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[Note: This news article from California shows some of the problems that can arise with special tax districts. In California, voter approval is required to establish a district. The Massachusetts Chapter 40T law would not provide this safeguard. – Ed.]

June 9, 2007
Merced Sun-Star (Merced, CA)

Homeowners stunned with Mello-Roos taxes.

Byline: LESLIE ALBRECHT–[email protected]
[email protected]

When it came time for Loretta Ibarra to buy a new house, she knew to ask about two words before going ahead with the purchase: Mello Roos.

That’s the name of a tax that homeowners in some new subdivisions pay. Ibarra had heard horror stories from her sisters about Mello-Roos taxes and she wanted to avoid them if possible. One sister in Antioch paid $8,000 yearly; another in Salida paid $5,000.

Ibarra was relieved when the saleswoman at The Meadows subdivision off E. Gerard Avenue said the house she wanted to buy wouldn’t be subject to Mello-Roos taxes.

Four months after she bought the house, Ibarra was surprised and angered when she found out that she’ll be asked to pay $1,000 in annual Mello-Roos fees after all. But Ibarra and her neighbors will have some say in the matter. In a few months they’ll vote in an election that will decide whether a Mello-Roos tax district is established at The Meadows.

The election will mark the first time in Merced that homeowners have participated in such a vote. Usually, Mello-Roos districts — which must be approved by two-thirds of voters — are formed before any houses are built in a new subdivision. If there are fewer than 12 registered voters in the area, only the landowners participate in the election.

Because the developer is the only landowner at that stage, the election is usually determined by one vote in favor of establishing the Mello-Roos tax district, which is also called a community facilities district, or CFD.

But in this case, H/S Development sold houses at The Meadows before the Mello-Roos tax district had been formed — a violation of the agreement it had signed with the city, which mandated the Mello-Roos district for the subdivision. That means that at least 14 owners who now live there will have votes in the election, which will be held in October via mail-in ballots.

It’s not known how many of the remaining 81 lots in the new neighborhood are still owned by H/S Development. The company did not respond to repeated calls seeking information for this story.

Ibarra said she plans to vote against the tax district. So did her neighbors Agustin Navarro on East San Pedro Street and Karla Suarez a few blocks away.

Navarro said when he signed the paperwork for his house, he asked whether there would be any more taxes or fees on the house and was told no.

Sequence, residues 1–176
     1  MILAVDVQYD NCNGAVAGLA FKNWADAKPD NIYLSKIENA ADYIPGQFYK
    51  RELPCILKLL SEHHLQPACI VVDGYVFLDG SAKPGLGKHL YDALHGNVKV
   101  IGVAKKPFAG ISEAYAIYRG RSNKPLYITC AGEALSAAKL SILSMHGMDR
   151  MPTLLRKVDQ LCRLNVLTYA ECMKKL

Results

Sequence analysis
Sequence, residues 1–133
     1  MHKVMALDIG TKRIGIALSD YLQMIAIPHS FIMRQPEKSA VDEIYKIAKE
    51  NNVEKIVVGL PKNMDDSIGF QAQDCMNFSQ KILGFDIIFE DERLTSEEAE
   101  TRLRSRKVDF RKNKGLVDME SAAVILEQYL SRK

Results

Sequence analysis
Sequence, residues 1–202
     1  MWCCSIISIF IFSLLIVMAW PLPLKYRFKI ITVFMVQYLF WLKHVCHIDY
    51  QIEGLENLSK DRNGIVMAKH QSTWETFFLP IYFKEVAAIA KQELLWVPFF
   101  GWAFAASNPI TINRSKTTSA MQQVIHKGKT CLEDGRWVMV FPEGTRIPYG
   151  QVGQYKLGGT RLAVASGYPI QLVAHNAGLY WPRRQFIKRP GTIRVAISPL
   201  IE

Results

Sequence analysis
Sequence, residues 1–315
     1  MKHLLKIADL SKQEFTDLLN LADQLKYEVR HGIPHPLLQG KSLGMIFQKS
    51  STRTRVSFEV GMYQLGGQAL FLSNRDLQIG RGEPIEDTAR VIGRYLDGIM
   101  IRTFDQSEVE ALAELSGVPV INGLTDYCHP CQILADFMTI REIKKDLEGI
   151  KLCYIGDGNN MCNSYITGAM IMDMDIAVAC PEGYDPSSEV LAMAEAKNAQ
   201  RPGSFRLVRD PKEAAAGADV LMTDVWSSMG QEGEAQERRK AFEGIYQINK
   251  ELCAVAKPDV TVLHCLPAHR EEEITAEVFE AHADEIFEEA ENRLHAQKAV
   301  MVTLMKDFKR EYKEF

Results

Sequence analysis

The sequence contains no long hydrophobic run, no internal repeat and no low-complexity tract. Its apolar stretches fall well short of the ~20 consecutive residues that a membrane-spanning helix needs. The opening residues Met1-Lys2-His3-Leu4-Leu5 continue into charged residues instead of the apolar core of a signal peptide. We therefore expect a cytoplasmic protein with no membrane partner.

“It’s not right,” said Navarro. “It’s (the developer’s) responsibility to let people know what bills they have to pay before they buy the house.” He added, “I think since they never told us, it’s on them to pay for everything for us.”

H/S Development has offered to pay one year of Mello-Roos fees for homeowners who agree to let H/S cast a ballot on their behalf. Ibarra, Navarro and Suarez all said they refused that offer.

“They don’t need to represent us,” said Ibarra. We’ll do our own representing.”

Homeowners at The Meadows interviewed for this story said they were curious about why the Mello-Roos fees are necessary, because they already pay about $2,000 in property taxes.

For the city, Mello-Roos taxes represent the reality of financing services and infrastructure in a post-Proposition 13 world, said City Manager Jim Marshall.

Proposition 13 was the 1978 ballot measure that capped county property taxes at one percent per year. Prior to Proposition 13, the city received between 15 and 22 cents of every county tax dollar, said Marshall. Now it’s less than 10 cents.

“(Proposition 13) cut millions of dollars out of cities’ budgets,” said city Finance Officer Brad Grant.

To remedy cities’ strapped finances, the Legislature passed the Community Facilities Act in 1982, sponsored by state Sen. Henry Mello and Assemblyman Mike Roos.

The law allowed cities to create special tax districts to raise money to pay for services such as police and fire protection and for physical improvements such as streets or sewers.

Mello-Roos fees are now well-known to home shoppers — one subdivision along Santa Fe Drive even has a red banner that advertises “No Mello-Roos” to drivers.

Since 2003, Merced has created Mello-Roos tax districts in 26 new subdivisions. Forming the tax districts allows the city to follow its “growth pays for growth” philosophy.

Of the Mello-Roos fees proposed for The Meadows, $459 would pay for citywide services such as police and fire protection, $544 would cover landscaping and storm drainage at The Meadows.

“If we’re going to grow, we can’t grow the community and dilute the level of service we’re providing in the existing community by extending police and fire at a faster rate than we can provide in new neighborhoods,” said Marshall.

For Navarro, the Mello-Roos tax represents “another extra bill that we don’t have money to pay,” he said.

“If I would have known about it, I probably wouldn’t have bought the house, because that’s just something I can’t afford.”

© 2007, Merced Sun-Star, Calif.

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